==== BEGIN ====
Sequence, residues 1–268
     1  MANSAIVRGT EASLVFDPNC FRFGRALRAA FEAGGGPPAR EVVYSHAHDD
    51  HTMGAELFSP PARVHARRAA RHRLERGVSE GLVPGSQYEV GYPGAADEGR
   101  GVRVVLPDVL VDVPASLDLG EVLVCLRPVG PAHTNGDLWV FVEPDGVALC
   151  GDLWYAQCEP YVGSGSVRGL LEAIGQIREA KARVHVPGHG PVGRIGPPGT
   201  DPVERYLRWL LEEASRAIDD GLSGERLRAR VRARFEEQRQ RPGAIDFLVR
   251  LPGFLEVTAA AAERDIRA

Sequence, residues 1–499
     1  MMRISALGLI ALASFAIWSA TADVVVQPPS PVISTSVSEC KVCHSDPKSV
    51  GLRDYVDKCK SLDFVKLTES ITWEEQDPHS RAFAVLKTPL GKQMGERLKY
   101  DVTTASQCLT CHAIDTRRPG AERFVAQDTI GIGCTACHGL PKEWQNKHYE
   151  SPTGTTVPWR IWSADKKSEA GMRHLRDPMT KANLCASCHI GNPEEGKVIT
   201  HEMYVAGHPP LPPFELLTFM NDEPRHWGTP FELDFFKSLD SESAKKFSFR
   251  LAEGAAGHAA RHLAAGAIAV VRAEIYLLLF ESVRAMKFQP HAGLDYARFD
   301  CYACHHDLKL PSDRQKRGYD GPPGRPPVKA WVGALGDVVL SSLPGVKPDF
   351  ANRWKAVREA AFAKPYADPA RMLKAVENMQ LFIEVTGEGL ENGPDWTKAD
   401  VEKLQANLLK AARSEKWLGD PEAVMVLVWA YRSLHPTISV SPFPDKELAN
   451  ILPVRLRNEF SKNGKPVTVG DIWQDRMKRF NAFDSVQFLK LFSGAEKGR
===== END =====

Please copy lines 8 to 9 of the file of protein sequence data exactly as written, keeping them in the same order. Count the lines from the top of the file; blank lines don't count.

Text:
Sequence, residues 1–499
     1  MMRISALGLI ALASFAIWSA TADVVVQPPS PVISTSVSEC KVCHSDPKSV